"It's gone!" cried Ned in bewilderment. "I can see your desk top right through where it was!"
"No," smiled the inventor, "it's still there as you'll find if you try to poke your finger through the metal ring."
A trifle gingerly his chum extended his hand toward the circle of metal. Though Tom had assured him that the little disk was still in place, Ned was unable to repress a start when his finger touched a cool, polished surface which his eyes told him could not be there.
"Say, that's wonderful!" he exclaimed, staring at the invisible substance with awe. "That stuff must be a hundred times more transparent than the finest plate glass!"
"Yes, and more," said Tom. "But that's not the most wonderful feature of the new substance."
"Well, it's difficult to explain. Even now I know very little about it. I can tell you WHAT it can do, but the WHY is still as much of a mystery as ever. Briefly, this new element, or maybe it's a compound, I'm not sure which, reacts in a very strange manner to light. Let me show you. That'll beat any long-winded theory I could spout."
Going to the door, Tom called in his giant servant Koku, who once had been a prince in his own far-off savage land, before Tom Swift had brought him to Shopton.
"What want, Master?" came a deep-toned reply, as the huge dark-skinned man, who stood a trifle over eight feet in height, entered.
"Just carry outside that telescope there in the corner," requested Tom, pointing to the instrument. "Better be careful; it's a bit heavy."
"Not heavy for Koku," boomed the giant. "Liftum in one hand!"
Though it was not a large instrument as telescopes go, this one, with the massive iron pier upon which it was mounted, weighed not far from four hundred pounds. When Koku clamped his mighty hand about the stand he seemed to lift it as easily as a boy might raise a baseball bat or a golf club.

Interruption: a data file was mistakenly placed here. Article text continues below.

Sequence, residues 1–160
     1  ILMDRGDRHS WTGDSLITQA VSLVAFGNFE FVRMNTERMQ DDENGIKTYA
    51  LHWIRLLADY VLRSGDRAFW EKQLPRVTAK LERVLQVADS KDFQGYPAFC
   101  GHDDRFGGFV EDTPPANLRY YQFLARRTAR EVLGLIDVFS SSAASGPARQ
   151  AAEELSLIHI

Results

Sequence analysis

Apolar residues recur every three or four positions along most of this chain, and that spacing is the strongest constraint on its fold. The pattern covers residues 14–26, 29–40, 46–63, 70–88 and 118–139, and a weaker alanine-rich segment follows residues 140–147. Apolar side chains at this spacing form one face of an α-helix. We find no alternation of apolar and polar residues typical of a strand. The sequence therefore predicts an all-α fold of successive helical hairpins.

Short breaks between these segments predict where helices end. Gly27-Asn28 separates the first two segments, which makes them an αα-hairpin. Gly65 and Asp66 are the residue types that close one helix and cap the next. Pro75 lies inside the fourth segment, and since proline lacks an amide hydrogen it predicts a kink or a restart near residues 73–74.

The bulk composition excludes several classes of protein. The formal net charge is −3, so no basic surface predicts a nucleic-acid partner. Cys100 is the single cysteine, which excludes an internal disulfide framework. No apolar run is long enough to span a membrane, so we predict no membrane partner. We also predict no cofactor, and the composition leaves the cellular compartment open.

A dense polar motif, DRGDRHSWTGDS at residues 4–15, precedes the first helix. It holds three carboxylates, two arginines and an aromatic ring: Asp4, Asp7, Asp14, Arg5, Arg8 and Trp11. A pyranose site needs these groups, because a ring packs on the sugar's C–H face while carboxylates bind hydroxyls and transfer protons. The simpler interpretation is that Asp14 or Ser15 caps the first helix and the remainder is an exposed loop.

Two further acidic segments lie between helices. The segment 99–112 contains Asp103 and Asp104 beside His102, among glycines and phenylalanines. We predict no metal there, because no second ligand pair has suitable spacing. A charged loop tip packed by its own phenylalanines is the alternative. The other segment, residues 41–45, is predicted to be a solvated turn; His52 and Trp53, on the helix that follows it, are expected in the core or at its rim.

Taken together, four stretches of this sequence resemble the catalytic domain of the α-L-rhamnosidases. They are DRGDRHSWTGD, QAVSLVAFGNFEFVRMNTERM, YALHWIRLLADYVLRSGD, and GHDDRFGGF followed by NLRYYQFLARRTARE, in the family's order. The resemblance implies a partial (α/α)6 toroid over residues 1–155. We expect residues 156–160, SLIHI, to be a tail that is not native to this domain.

"I'll never get used to his strength," murmured Ned as the boys followed the giant through the laboratory door, Tom carrying his marvelous green disk.
"He is a big boy, for fair," laughed Tom. "Lucky for our prize-fighters he hasn't gone into the ring."
After carefully placing the telescope where the inventor directed, Koku returned to the bench under a near-by apple tree where it was his wont to rest when he was not needed.
"Now what, Tom?" questioned Ned. "Surely you're not expecting to see stars in broad daylight?"
"Oh, no, though it could be done," returned Tom, pointing the instrument toward the crest of a wooded hill several miles distant from Shopton. "Now we're ready. Take a peek."
"Well," said Ned, peering into the eyepiece, "all I see are a few trees."
"Just stand by," directed his friend, clamping his green disk over the front lens, or objective, of the telescope and turning on the current. As before, the green stuff seemed to vanish. "Now, look again," he said.
No sooner had Ned put his eye to the instrument than he gave a start. "It's magic!" he exclaimed. "Why, that hill seems as if it were right here and the view is much brighter. I can see every leaf on the trees and--yes! even a bird's nest and the little birds in it!"
"Now maybe you have an idea as to how I propose to discover the secret of life on the planets," responded Tom calmly.
"The secret? What do you mean? Surely you don't expect to see men on Mars!"
"I mean to build a telescope with a space eye big enough and powerful enough to do it!" The young inventor's face lit up with a strange light. "It's the greatest thing yet, Ned!"